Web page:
Shike – Day 65 of 306

“Well, no seeds have been sown in this field yet.”

“Only a matter of time,” said Ryuichi with an airy wave of his hand. They both laughed.

Taniko realized it was the first time she had laughed since Shikibu’s death. It was the first time since then that she had felt fully alive. She whispered her thanks to Amida, the Lord of Boundless Light.

Chapter Twenty-One

Like the Waterfowl Temple to the north, the Teak Blossom Temple of the Zinja stood at the crown of a hill overlooking the sea, which was here contained within Hakata Bay, a great, circular inlet with the small fishing town of Hakata at its head. Hakata could have been a major port, being an excellent harbour and close to Korea and China. But the wealthy families involved in foreign trade lived mostly at the capital, and it was more convenient for them to conduct their shipping from Hyogo on the Inland Sea.

Many of Jebu’s friends from the Waterfowl Temple were now living at the Teak Blossom Temple. Weicho, the short, rotund monk who had so impressed Jebu with his wickedness during his initiation, was the abbot. No longer required to pretend to play at being a bad Zinja, Weicho was now free to be his true self, a genial, simple man with only one vice, an inordinate fondness for eating.

“What’s become of Fudo, your partner in wickedness?” Jebu asked him.

A shadow crossed Weicho’s face. “He’s left the Order.”

“Left the Order? I can’t imagine anyone leaving the Order.”

Weicho shrugged. “Many strange things happen these days. Others have broken with the Order as well. In Fudo’s case his duties—the pretence, the cruelty, the occasional need to kill an innocent young novice—became too much for him. He’s converted to Buddhism. The last I heard, he was in a monastery in the eastern provinces, sitting on his arse day and night, trying to find happiness by meditating. He’s a cripple. He wasn’t strong enough to be a Zinja. Forget him.” Weicho waved the irritating memory away. Strange, Jebu thought, but Weicho almost reverted to his old role of sharp-tongued cruelty when he talked about Fudo.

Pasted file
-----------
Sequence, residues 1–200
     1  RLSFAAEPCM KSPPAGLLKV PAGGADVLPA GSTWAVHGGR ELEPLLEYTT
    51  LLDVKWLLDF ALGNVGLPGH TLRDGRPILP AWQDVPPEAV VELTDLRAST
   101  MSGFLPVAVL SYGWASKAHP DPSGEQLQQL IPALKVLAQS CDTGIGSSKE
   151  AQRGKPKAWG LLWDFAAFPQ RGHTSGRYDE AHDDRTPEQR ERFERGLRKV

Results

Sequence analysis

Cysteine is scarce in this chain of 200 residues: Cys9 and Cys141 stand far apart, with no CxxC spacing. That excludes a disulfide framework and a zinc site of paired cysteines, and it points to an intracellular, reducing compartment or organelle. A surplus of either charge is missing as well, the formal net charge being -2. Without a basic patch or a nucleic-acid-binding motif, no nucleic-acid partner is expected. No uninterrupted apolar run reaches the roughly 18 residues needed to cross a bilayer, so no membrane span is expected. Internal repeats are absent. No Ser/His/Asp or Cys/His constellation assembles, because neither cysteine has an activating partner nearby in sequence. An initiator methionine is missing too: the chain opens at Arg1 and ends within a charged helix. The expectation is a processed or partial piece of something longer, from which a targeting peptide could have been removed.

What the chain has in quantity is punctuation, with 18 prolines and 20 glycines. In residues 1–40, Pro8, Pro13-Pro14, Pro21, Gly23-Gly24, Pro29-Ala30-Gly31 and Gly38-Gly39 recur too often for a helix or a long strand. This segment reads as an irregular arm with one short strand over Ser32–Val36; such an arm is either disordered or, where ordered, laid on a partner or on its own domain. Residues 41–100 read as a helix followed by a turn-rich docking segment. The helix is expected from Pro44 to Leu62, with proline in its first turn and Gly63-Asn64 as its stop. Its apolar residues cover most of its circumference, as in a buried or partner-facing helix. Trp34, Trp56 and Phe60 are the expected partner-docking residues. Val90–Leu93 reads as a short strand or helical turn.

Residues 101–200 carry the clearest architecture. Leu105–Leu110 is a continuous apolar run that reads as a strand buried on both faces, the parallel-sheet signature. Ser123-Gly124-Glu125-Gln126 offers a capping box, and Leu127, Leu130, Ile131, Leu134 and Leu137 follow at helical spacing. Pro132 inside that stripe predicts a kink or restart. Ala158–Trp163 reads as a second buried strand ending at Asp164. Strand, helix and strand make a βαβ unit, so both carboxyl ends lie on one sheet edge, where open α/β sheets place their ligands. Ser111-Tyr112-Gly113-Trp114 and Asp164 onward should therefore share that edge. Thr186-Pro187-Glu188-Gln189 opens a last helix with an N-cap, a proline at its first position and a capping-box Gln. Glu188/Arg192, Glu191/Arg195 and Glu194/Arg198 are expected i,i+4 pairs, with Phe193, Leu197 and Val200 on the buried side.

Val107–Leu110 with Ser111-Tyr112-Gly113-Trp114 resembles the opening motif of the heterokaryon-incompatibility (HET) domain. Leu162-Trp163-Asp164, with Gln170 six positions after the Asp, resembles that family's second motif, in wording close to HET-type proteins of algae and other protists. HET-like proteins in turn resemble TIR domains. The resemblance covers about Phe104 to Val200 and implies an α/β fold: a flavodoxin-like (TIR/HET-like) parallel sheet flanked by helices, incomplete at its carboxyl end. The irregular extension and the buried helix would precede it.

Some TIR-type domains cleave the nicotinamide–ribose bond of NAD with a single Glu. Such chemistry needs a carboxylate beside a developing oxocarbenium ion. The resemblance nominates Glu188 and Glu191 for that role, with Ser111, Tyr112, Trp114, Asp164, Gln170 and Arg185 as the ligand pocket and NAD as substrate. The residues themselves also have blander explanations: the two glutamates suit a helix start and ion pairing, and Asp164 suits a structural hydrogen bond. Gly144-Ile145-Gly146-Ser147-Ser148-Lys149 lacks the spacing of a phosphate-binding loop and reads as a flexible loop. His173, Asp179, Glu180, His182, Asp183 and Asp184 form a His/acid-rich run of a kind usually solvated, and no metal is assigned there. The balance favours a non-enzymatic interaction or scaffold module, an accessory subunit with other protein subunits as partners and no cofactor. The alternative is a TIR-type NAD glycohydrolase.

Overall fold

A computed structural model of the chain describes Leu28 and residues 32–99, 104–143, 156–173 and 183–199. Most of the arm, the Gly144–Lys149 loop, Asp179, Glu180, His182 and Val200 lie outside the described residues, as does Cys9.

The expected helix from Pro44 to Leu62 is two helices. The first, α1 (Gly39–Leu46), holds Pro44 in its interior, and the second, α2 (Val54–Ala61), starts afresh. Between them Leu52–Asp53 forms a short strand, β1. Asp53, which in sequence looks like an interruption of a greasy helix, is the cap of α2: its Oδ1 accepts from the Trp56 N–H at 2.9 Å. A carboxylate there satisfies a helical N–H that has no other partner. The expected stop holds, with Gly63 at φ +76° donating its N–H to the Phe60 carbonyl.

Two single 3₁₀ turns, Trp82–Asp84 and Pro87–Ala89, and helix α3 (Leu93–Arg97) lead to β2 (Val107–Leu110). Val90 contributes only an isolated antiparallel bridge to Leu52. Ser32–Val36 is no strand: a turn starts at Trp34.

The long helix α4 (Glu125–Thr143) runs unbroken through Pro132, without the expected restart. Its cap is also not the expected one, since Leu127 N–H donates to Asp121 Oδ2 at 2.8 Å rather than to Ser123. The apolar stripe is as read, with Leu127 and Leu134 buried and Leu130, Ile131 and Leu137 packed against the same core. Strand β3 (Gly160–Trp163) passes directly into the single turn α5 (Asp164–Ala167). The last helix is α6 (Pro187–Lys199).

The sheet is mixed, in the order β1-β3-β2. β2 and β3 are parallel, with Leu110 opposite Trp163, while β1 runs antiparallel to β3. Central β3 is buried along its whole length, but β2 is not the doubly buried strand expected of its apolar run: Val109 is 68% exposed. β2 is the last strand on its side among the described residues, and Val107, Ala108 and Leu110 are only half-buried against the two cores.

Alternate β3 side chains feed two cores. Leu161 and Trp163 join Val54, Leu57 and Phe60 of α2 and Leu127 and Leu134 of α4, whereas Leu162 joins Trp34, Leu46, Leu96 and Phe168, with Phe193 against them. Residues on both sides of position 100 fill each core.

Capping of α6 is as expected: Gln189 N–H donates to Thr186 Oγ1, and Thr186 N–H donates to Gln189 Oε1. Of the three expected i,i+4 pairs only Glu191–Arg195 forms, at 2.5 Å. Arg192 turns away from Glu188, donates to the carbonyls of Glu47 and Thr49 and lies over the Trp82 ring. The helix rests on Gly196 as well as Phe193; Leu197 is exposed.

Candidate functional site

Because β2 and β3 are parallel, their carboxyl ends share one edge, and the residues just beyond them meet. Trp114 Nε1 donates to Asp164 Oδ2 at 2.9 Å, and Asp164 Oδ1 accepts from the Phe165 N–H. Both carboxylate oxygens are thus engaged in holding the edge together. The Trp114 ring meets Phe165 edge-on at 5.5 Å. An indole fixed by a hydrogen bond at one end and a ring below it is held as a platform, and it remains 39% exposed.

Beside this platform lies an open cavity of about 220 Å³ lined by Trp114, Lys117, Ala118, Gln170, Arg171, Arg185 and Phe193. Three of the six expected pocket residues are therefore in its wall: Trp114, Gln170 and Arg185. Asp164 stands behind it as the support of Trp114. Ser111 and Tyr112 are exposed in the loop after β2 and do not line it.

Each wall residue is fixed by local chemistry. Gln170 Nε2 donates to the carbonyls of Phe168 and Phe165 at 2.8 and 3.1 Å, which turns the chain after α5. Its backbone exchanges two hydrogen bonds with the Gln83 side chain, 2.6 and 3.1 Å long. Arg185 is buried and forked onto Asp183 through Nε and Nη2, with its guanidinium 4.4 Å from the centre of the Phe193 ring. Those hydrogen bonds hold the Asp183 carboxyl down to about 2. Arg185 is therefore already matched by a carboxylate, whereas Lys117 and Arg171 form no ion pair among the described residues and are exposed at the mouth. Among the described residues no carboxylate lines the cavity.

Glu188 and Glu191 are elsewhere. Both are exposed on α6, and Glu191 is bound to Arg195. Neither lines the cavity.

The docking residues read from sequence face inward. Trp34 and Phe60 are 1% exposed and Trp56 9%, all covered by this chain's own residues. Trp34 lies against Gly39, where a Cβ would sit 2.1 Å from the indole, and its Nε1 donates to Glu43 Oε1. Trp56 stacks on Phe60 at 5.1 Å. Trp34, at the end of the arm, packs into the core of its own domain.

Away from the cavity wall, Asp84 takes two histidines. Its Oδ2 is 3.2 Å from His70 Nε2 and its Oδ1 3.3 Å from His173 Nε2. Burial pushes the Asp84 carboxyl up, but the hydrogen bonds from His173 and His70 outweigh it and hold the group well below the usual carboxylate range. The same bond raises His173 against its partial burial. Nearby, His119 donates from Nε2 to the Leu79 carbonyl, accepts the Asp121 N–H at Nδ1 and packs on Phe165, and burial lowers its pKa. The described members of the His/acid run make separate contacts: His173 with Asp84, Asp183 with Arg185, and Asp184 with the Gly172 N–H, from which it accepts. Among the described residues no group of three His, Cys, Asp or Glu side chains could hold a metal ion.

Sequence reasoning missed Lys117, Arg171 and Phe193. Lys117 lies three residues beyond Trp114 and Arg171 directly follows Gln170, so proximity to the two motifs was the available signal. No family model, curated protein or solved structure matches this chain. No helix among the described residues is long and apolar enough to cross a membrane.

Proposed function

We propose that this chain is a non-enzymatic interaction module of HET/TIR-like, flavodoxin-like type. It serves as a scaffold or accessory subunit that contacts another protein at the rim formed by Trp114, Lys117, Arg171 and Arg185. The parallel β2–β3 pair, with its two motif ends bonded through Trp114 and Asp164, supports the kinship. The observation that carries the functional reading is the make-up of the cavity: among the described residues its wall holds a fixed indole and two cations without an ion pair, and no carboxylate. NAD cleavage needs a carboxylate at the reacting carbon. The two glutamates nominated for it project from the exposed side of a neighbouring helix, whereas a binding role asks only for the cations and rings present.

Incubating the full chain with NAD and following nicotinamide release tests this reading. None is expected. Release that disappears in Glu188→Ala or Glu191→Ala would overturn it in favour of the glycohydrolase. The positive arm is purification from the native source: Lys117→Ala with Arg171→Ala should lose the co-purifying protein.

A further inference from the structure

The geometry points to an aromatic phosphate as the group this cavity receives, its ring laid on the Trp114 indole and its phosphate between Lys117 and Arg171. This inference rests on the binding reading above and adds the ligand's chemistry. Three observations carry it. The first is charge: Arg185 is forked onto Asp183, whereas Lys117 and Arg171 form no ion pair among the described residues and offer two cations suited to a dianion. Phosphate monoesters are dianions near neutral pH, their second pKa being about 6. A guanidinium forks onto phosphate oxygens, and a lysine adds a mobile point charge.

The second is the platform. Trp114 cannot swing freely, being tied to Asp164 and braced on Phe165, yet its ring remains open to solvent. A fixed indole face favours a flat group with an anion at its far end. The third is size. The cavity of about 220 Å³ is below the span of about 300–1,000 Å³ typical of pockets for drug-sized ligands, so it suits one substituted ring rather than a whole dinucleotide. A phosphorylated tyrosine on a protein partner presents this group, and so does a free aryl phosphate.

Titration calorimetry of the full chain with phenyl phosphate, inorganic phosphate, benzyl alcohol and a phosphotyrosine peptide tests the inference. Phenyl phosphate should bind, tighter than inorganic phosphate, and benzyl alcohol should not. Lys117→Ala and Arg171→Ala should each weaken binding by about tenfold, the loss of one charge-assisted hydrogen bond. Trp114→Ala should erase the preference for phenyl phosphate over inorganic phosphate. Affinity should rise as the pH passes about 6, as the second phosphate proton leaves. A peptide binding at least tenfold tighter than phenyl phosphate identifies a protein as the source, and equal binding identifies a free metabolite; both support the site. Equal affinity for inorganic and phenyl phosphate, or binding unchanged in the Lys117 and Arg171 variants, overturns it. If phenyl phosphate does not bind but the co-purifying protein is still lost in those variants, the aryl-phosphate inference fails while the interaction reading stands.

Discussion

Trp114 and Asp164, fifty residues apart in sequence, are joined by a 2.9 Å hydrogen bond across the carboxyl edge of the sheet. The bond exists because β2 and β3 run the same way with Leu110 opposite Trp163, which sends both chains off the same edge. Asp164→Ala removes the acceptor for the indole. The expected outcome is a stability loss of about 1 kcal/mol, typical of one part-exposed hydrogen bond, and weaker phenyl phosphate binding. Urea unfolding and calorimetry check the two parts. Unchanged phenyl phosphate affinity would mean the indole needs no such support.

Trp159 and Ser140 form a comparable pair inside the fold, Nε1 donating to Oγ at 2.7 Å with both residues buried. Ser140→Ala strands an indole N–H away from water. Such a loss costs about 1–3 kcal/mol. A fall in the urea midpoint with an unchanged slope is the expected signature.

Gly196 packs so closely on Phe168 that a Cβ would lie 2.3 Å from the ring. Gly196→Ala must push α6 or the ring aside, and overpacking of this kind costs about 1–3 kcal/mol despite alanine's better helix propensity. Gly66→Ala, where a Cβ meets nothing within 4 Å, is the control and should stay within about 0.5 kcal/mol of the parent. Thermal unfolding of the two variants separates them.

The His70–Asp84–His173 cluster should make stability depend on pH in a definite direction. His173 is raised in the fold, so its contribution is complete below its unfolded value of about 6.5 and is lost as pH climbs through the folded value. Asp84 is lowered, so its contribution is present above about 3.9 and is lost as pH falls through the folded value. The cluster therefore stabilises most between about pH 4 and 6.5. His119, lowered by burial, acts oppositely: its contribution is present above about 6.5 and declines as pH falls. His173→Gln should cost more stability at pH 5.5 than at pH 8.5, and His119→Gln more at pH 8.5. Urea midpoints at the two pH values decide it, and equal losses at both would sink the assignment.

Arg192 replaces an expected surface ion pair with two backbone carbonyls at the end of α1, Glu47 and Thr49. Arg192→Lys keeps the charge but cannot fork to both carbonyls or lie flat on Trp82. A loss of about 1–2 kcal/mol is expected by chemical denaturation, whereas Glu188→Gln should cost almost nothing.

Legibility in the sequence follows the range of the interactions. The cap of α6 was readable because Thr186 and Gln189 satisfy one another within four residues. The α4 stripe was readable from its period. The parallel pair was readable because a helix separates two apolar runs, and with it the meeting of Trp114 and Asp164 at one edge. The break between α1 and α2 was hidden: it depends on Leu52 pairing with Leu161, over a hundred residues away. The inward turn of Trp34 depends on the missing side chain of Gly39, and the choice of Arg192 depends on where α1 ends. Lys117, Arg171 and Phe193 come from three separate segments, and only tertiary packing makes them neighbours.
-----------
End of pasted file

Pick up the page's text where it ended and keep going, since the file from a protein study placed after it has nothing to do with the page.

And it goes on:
Most important of all, Nyosan, Jebu’s mother, lived at the Teak Blossom Temple. Jebu had not seen her since his initiation, and whenever the busy routine of the temple permitted, mother and son spent hours in conversation.

Nyosan had charge of Jebu’s collection of swords. There were now over sixty. Many of them were the lower-grade sort turned out quickly by the swordsmiths to serve poor samurai in combat. Others were magnificent creations signed by such legendary sword makers as Yasatsuna, Sanjo and Amakuni, heirlooms whose capture by Jebu was a tragedy for the families of the samurai who had carried them. It was four years since Jebu had first vowed to undertake the project.

It was evident to Jebu that Nyosan deeply missed Taitaro. It seemed to him a cruelty that Taitaro should deliberately cut himself off from his wife and choose to live alone, but Nyosan herself never questioned his decision. From hints in her conversation, Jebu gathered that her life was not without its compensations. Indeed, it seemed the older men and women among the Zinja enjoyed their own sort of unions with one another, which were bound by no rules except that of secrecy from the younger members of the Order. So Nyosan apparently did not lack for whatever comfort might be drawn from the joys of the body. She was not alone, though she might be lonely, and she never complained. Still, Jebu resented the way Taitaro had left her. Could he not find whatever insight he sought within his union with Nyosan, rather than off in the woods by himself?